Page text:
It is happening!
She wrapped her arms around me, looked in the mirror and blurted out feeling proud, “Mom, look, we are almost of the same height now!”
She was speaking of the inevitable truth. My daughter has turned 13 and she is officially a teenager with puberty hormones on a speed lane. Aside from her increasing height, her hips are getting well-rounded, her boobies taking a cup-full, and she realised she had to take care of her self more as adult perspiration and dirt will lead to not-so-cute breakouts and odours.
I just know when her period is coming. Oh the laziness! She could just sit in her study corner all day, unfortunately not to study but to watch YouTube on her phone and doodle on paper. She also has this huge appetite. All those snacking seriously has to stop so I usually show her episodes of My 600 lb Life on TLC and let her see the detrimental effects of obesity.
Dealing with my teenage daughter is in many days a hard work but is always something rewarding and close to my heart.
Here are 10 practical tips in raising a teen (based on my personal mothering experience):
- Be interested (or at least be curious) on her interests. It was of late that I learned that my teener could actually draw when I unwittingly run though her stuff one day. I soon got her a Japanese Manga book from Discovery Japan Mall so she could find more inspiration to draw and started to avoid giving the “look” for her penchant with pens and pencils.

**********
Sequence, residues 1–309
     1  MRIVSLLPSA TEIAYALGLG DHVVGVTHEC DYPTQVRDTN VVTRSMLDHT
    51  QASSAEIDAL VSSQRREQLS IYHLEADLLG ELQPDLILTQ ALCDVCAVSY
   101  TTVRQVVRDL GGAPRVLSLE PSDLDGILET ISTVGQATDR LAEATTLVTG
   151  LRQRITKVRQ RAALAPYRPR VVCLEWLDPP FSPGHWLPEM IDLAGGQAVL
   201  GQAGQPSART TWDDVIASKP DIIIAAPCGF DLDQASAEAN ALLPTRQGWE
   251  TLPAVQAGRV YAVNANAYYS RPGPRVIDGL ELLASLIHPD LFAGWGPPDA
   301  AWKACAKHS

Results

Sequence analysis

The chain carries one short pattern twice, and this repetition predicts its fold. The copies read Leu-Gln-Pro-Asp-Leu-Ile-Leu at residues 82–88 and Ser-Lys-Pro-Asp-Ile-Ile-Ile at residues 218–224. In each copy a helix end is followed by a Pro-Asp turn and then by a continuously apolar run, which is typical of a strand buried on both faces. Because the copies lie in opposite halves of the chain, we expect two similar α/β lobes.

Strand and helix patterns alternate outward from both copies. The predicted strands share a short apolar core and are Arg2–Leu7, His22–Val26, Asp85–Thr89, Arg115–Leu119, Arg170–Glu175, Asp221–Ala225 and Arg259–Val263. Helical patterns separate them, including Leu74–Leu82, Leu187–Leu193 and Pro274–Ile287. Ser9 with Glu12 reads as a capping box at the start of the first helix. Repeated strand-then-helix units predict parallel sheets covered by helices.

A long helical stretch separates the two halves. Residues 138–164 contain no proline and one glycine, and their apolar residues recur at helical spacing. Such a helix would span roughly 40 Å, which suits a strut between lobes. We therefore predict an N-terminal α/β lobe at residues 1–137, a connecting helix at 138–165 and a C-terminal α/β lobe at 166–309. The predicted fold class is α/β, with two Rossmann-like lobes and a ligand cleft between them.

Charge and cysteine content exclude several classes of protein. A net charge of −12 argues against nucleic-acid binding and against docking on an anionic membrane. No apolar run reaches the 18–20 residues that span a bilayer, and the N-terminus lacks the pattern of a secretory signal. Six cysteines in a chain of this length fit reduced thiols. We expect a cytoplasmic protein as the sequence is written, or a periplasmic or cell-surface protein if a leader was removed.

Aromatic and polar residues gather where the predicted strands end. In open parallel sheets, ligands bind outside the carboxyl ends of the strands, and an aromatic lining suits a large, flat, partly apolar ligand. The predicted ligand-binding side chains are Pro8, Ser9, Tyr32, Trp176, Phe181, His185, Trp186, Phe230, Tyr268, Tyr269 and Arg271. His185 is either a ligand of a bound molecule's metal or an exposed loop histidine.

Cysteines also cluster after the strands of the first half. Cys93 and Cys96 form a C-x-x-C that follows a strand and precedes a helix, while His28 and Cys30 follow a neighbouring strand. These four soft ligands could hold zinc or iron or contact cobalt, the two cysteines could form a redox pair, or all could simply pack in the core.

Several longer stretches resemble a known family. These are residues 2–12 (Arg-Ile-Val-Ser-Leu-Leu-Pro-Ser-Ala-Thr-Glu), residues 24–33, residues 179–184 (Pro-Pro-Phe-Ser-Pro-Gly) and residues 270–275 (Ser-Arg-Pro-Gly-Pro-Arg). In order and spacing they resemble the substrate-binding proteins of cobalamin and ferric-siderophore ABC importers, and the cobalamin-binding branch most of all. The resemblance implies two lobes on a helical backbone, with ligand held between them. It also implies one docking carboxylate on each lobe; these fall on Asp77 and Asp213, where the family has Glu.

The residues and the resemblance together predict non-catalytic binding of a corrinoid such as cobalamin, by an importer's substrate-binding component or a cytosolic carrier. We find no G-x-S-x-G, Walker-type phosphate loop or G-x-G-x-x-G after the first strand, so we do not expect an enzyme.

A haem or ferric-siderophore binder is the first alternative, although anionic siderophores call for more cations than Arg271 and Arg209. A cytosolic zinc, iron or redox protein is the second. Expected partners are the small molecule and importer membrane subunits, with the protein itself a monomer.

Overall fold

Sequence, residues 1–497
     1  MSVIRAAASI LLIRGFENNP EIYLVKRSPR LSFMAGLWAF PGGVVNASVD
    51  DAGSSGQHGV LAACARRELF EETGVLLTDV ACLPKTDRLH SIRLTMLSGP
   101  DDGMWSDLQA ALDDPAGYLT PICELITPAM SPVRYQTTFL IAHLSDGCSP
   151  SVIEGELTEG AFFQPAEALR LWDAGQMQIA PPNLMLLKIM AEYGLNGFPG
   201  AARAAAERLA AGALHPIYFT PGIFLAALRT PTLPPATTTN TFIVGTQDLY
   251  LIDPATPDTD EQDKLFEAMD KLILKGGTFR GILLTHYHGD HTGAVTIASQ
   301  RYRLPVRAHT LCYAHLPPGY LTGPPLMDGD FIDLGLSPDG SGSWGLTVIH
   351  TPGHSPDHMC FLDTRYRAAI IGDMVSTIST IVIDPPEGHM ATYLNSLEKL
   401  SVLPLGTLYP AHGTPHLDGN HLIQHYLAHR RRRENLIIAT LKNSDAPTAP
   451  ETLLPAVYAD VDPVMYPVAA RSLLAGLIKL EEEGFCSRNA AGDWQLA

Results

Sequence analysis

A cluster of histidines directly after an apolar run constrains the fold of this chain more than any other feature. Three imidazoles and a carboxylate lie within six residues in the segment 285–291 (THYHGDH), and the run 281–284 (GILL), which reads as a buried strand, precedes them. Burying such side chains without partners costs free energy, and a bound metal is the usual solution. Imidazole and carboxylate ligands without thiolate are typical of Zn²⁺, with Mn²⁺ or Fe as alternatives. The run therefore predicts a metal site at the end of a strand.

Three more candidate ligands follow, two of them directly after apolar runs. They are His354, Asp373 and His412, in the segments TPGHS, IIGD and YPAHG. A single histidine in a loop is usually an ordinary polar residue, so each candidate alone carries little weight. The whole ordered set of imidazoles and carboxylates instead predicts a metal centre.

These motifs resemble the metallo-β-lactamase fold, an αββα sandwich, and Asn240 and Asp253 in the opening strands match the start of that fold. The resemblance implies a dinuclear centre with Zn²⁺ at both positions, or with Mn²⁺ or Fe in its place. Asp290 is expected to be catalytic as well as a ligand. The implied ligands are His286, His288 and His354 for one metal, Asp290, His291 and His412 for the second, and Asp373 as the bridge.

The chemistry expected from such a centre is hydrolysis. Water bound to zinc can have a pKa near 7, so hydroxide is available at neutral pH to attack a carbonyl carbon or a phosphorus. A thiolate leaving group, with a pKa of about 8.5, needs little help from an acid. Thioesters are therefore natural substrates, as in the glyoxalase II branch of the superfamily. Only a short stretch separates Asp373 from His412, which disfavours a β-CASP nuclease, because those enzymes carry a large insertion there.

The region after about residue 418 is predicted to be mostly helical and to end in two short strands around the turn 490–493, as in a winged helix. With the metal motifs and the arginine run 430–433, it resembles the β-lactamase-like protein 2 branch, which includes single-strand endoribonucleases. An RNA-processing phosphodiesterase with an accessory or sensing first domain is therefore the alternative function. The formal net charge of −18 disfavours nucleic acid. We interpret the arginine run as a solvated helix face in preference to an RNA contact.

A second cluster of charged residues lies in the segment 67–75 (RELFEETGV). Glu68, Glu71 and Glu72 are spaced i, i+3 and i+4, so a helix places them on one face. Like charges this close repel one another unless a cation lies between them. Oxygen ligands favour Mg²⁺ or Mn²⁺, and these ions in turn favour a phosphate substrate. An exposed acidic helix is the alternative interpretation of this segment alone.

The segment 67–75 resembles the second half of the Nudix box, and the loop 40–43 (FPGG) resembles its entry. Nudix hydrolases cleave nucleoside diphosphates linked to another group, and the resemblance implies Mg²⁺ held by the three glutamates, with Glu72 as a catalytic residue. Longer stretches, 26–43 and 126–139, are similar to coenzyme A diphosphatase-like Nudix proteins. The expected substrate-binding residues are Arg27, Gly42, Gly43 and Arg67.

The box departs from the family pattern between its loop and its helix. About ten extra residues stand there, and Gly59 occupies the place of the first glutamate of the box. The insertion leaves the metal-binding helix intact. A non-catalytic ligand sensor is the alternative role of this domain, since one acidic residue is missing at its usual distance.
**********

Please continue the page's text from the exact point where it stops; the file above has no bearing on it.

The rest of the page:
- Invite friends over and share the dinner table. Aside from showing off my cooking skills, it is my way of knowing who her friends are, the values these fellow teeners have and what are their common interests.
- Practise cyber safety. Me and my teener are cool on not sharing personal information online, on not talking to strangers online, and on staying away from cyber bullies and sites with explicit contents.
- Let them learn the cause and effect of their actions. When my daughter flanked her exam, I let her remember the things she did weeks before the exam. What among those actions she should have done less or have done more to achieve good grades. Then she realised it could have been less time on YouTube and more time with books.
- Be clear with rules. My teener can go out with her friends but we are clear on the time of her return and how she should conduct herself on somebody else’s home or in public. Plus, she knows the emergency plan.
- Assign more (or slightly heavier) chores. Getting more adult means getting more chores. It should be a good thing when they feel they are helping mom ease with home chores or they feel fulfilled finishing a DYI home project.
- Correct but try not to scold (especially in public). Teeners can be too sensitive but if you are confident that you are raising your child well, it is enough to let them know of their mistakes. Avoid demeaning or disrespectful words.
- Show your love. It is never too cheesy to kiss and hug your teener. They might feel shy in public but it is a known secret that everybody, of whatever age, needs love and affection to promote healthy well-being.
- Encourage saving. Parents are to supply the “needs” but encourage your teener to save money and buy her own “wants” with the money she personally saved.
- Set positive example. There is no better example for your child to follow but yourself. We know them from birth and we can nurture them to become the persons they could best be.
Anyone relating to my mothering stories? Do you find my above list doable? Do you have other parenting tips you want to share? I would love to hear your stories too, leave a comment or feel free to share this post. Lovely day Moms!